Berkowitz claimed that he did not act alone in the killings: he says he was part of an occult group which sacrificed animals to Satan and which ran a child pornography racket. Berkowitz also claims that he is not the "Son Of Sam" shooter, but merely one of the many look-out men. In his claims he puts the blame on John "Wheaties" Carr as one of the shooters, as well as Carr's brother, Michael, whom he claimed to be the shooter in the Queens disco shooting. Sam was the name of the father of John and Michael Carr. John Carr lived in a house behind Berkowitz's, and owned the Labrador that Berkowitz had claimed to be a high demon. John Carr was killed in February of 1978 in a shooting in North Dakota (ruled a suicide), and his brother, Michael was killed in a traffic accident in October 1979 in Manhattan's West Side Highway. Though Berkowitz did mention other names in some interviews, he claims he cannot reveal any more details, as it would endanger his family. Journalist Maury Terry's 1987 book The Ultimate Evil argued in favor of the cult theory, placing the blame on a violent offshoot of the Process Church. Queens' district attorney John Santucci, who says he thought the case against Berkowitz was lacking, was so impressed with Terry's research that, as Chris Summers of the BBC writes, "he agreed to reopen the Son of Sam case ... But to date no-one else has ever been charged in connection with the crimes."

Even without endorsing the cult theory, Hockenberry writes that "What most don't know about the Son of Sam case is that from the beginning, not everyone bought the idea that Berkowitz acted alone. On the list of skeptics, police who worked the case, even the prosecutor from Queens, where five of the shootings took place."

Berkowitz now describes himself as a born-again Christian and says that his obsession with pornography played a major role in these murders. He sent a letter to New York governor George Pataki asking that his parole hearing be canceled, stating, "I can give you no good reason why I should even be considered." In June 2004, he was denied in his second parole hearing after he stated that he did not want one. The board saw that Berkowitz had a good record in the prison programs, but decided that the brutality of his crimes called for him to stay imprisoned. Berkowitz is very involved in prison ministry and regularly counsels troubled inmates.


Aftermath

One major side effect of his murder spree were the "Son of Sam laws". The first of these laws was enacted in the state of New York after rampant speculation about publishers offering Berkowitz large sums of money for his story. The new law, quickly named for Berkowitz, authorized the state to seize all money earned from such a deal from a criminal for five years, with intentions to use the seized money to compensate victims. The Supreme Court declared such laws unconstitutional in 1991.

As of 2005, Berkowitz is writing memoirs, which he plans to publish despite outrage from the family members of his victims and victims' rights advocates. He has devoted his publishing efforts to bringing in funds for the victims' families.

In 2006, Berkowitz sued his former attorney. The attorney took possession of letters and other personal belongings from Berkowitz in order to publish a book of his own. Berkowitz has stated he will only drop the lawsuit if the attorney signs over all money he makes to the victims' families.


References in popular culture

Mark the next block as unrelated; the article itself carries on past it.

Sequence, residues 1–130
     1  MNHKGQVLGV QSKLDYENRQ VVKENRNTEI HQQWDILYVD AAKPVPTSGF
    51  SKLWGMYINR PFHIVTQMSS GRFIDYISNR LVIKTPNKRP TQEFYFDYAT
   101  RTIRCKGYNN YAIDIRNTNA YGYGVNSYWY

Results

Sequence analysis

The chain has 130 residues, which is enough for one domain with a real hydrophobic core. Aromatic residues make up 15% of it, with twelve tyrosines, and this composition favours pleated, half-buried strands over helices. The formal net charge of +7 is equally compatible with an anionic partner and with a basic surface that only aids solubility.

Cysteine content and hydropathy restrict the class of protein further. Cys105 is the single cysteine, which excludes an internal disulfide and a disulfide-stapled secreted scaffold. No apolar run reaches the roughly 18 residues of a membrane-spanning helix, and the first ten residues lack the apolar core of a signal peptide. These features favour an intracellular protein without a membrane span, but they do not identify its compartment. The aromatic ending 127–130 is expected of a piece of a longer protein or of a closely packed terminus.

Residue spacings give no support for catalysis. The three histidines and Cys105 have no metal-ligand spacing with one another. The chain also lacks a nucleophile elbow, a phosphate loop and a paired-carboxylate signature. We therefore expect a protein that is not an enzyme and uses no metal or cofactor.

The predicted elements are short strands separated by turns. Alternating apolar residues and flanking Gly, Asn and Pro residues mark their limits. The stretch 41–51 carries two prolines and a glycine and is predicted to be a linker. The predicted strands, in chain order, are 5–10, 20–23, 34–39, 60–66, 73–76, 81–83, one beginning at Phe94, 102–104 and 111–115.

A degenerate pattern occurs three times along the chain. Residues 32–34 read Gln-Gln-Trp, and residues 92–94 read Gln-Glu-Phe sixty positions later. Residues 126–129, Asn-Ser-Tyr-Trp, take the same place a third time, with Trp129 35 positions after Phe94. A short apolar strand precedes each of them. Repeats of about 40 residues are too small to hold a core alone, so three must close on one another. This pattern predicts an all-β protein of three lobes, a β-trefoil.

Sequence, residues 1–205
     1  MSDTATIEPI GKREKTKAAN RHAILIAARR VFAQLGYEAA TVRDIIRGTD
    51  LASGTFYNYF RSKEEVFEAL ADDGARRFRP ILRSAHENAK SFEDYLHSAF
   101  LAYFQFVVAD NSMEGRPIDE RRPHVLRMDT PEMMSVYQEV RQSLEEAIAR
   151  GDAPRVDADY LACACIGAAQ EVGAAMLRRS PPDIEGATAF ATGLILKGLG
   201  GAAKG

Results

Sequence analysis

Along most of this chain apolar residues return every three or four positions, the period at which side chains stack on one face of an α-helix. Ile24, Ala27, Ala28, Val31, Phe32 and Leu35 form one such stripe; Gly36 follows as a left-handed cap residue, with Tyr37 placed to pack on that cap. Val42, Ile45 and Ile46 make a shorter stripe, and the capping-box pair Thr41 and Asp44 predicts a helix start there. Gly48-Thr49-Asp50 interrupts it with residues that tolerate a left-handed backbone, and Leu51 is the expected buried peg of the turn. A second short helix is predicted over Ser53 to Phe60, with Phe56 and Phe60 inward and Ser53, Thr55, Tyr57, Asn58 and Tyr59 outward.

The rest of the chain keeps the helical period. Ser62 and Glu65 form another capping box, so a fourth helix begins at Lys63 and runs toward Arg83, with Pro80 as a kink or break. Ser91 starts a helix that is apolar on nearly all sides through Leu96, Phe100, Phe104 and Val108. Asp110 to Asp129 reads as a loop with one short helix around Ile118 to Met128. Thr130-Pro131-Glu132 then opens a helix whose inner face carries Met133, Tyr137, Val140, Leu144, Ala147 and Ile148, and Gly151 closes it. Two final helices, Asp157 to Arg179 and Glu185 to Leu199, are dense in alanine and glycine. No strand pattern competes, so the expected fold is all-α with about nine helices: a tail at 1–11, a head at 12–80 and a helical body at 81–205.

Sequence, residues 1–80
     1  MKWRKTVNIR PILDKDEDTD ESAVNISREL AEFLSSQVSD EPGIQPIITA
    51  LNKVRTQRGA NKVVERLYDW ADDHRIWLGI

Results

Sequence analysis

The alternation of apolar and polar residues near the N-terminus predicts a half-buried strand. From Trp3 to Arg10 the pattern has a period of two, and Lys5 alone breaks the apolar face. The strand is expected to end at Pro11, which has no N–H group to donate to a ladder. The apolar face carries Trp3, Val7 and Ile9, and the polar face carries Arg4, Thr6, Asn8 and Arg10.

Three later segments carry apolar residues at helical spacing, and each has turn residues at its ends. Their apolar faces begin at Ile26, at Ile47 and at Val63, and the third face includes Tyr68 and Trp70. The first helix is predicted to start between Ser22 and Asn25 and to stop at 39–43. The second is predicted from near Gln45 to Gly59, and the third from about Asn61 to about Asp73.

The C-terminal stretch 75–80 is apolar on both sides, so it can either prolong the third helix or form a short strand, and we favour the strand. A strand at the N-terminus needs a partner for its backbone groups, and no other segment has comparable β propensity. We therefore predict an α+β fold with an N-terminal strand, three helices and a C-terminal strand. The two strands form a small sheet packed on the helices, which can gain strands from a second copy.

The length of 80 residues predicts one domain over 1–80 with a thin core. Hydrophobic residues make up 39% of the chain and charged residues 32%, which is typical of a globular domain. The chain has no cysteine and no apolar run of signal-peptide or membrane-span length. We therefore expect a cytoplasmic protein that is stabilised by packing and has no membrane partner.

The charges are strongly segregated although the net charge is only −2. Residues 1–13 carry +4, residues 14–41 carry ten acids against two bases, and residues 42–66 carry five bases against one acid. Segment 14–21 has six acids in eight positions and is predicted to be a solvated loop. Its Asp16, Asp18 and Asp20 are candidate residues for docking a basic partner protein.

The 1999 movie Summer of Sam, directed by Spike Lee, is set against the backdrop of Berkowitz's killing spree. Although Berkowitz, played by Michael Badalucco, is featured in a number of scenes (including a scene where Berkowitz hallucinates that his neighbor's black Labrador walks into his apartment and maniacally demands he go out and kill someone), the film primarily addresses the oppressive effects of the atmosphere of fear and paranoia on a group of young friends in the Throgs Neck section of the Bronx, not far from the Soundview neighborhood in which Berkowitz was raised. On the sitcom Seinfeld, the character Newman, in the 1995 episode " The Diplomat's Club," claims to have worked with Berkowitz and own his mailbag. He even called Berkowitz, "The worst mass murderer the post office ever produced." Another episode features Newman being arrested, at which time he says to the arresting officers, "What took you so long?" On another episode of Seinfeld, "The Van", George Costanza is confronted by a yelling man while he is in a vehicle and misinterprets the man as saying "Son of Sam." He leaves screaming, "I knew it wasn't Berkowitz!" The rap/rock group the Beastie Boys included a reference to Berkowitz in the song "Looking Down the Barrel of a Gun," on the album Paul's Boutique: "Predetermined destiny is who I am/They got your finger on the trigger like the Son of Sam." In the Stephen King/Peter Straub novel Black House, which is set during a period where a serial killer is on the loose, the main character, Jack Sawyer, says, "Maybe the guy actually wants to be caught, like Son of Sam." Late indie singer/songwriter Elliott Smith released the song, "Son of Sam" on his fifth release, Figure 8 (album). However, in an NPR interview during his tour, Smith revealed his song was not intended as a direct allegory of Berkowitz. Berkowitz's "Son of Sam" nickname was referenced in The Offspring's 2000 single Original Prankster. Berkowitz also was referenced in "Grey Matter" by the hip hop group Deltron 3030. Macabre wrote a song about Berkowitz, titled "Son of Sam," featured on the Grim Reality album. Benediction recorded a song about Berkowitz, named "Jumping at Shadows" on the The Grand Leveller album. The original guitarist and co-founder of Marilyn Manson used the pseudonym Daisy Berkowitz, a portmanteau of Daisy Duke and Berkowitz. Sons of Sam Horn, a popular online message board devoted to the Boston Red Sox, gets its name from a combined reference to the Berkowitz case and former Sox player Sam Horn. The band Cypress Hill, included a reference to Berkowitz on their hit tune, Insane In The Brain. In the Patricia Cornwell novel All That Remains, the character Benton Wesley says to Kay Scarpetta, "Scary how it works. Bundy gets pulled because a taillight's out. Son of Sam gets nailed because of a parking ticket. Luck. We were lucky."